To understand the history of the Christian church, the accessibility of Vulgate manuscripts during the middle ages is of interest. What is known? Is there a date from which we may assume that all, or most, Catholic parishes in Europe had such a manuscript?
How many hand written Vulgata manuscripts were accessible?
Whenever something was copied by hand, frailties of human eyesight enter in, particularly if that document is old and some ink has faded. Copying is also long, tedious work. It would take a scribe several months to copy just one Gospel!
In the early Middle Ages, the complete Bible was rarely produced. The Gospels were copied the most often and by hand.
During the Middle Ages, books of the Bible were used in worship and personal study. Western European manuscripts kept in the National Library of Russia reflect all the functions that were performed by the Christians' main book in different periods of the Middle Ages.
In the early Middle Ages, the complete Bible is rarely produced. The Gospels were copied most often, they make up 43% of all extant Biblical books, created before the 9th century. The Gospels of this period were adorned with portraits of the Evangelists and their symbols, decorative frames and ornamental initials. Created at the end of the 8th century in Britain, the so-called Insular Gospel book highly impress highly impresses with splendid colours and ornamental motifs. The illumination of the manuscript consists of 12 Canon Table Arcades and the four initial pages with large ornamented initials at the start of each Gospel. Such lavishly decorated opening pages are a characteristic feature of early Scottish and British Gospels. The first letters on the initial pages were embellished with interlacing patterns, they were the size of a half sheet or a sheet. The following letters were made in different colours, and they gradually diminish in size from the first to the last line of the page.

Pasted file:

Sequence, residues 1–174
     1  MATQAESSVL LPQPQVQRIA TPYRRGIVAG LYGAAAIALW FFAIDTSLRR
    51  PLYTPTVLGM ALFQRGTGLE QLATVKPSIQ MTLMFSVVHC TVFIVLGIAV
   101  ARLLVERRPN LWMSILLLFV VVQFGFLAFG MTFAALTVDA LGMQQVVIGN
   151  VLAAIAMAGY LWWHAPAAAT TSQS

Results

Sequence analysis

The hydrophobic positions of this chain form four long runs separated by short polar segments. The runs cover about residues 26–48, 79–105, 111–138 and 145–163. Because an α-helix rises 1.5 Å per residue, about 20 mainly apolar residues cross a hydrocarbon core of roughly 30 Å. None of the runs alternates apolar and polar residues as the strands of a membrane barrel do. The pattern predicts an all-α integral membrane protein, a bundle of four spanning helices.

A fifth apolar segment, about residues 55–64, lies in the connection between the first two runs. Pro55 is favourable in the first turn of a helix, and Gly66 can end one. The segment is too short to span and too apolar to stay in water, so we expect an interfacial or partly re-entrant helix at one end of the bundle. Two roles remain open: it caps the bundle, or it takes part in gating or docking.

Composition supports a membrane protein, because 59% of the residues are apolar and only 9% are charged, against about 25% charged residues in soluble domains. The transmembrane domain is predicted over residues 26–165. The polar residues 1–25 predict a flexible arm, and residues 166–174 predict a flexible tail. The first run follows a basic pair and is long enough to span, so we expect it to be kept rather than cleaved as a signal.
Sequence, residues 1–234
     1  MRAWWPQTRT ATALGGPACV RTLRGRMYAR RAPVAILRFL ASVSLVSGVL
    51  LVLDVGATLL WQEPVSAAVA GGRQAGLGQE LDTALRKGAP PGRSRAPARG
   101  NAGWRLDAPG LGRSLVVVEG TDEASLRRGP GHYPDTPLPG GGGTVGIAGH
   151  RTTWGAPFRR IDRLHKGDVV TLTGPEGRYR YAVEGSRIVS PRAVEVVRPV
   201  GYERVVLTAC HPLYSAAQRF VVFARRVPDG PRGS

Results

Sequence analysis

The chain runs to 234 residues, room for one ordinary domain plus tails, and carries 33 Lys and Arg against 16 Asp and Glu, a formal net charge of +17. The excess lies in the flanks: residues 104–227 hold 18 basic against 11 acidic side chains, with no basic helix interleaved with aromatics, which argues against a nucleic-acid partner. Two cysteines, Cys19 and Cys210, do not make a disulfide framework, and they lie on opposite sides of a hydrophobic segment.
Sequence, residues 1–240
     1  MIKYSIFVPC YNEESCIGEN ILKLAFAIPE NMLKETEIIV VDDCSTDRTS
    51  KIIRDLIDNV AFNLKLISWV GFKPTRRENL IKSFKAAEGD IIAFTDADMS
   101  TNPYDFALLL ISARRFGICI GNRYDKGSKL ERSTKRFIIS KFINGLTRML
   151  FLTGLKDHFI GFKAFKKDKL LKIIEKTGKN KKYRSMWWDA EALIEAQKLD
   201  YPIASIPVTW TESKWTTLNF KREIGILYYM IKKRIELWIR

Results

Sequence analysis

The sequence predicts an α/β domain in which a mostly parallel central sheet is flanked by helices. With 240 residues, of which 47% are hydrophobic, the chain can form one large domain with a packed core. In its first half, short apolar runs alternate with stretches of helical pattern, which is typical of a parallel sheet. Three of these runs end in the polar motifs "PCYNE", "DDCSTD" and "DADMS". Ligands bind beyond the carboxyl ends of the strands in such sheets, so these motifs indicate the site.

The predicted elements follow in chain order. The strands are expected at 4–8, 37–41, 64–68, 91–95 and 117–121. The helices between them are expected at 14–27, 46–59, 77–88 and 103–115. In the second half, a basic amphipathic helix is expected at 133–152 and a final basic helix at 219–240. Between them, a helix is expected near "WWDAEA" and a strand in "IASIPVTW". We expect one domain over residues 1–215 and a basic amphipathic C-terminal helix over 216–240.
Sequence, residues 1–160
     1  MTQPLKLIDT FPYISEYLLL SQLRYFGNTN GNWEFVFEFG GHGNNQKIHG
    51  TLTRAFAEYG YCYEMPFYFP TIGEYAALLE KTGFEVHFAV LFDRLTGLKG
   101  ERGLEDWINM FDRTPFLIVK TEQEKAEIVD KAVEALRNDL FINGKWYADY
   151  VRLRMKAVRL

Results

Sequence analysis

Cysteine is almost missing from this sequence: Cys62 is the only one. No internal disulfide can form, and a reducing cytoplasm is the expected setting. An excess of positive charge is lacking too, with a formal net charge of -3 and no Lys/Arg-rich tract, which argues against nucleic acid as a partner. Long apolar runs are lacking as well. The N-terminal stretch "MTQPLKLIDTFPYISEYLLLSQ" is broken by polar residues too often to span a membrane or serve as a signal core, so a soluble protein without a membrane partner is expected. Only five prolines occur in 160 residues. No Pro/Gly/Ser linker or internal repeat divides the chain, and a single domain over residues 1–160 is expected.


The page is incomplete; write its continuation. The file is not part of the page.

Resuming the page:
Multi-volume, large format, altar Bible were created for worship in the monastic scriptorium during the 11th-12th centuries. The NLR stores the two-volume Bible of the South German Weissenu Monastery, which includes a written inventory of monastic books.
At the end of 12th century, in Europe, the first European universities appeared. In Bologna, Montpellier, Paris, Oxford, and then in other European cultural centers, the independent corporations of teachers and students formed a new type of stage-by-stage learning, unknown to the ancient world.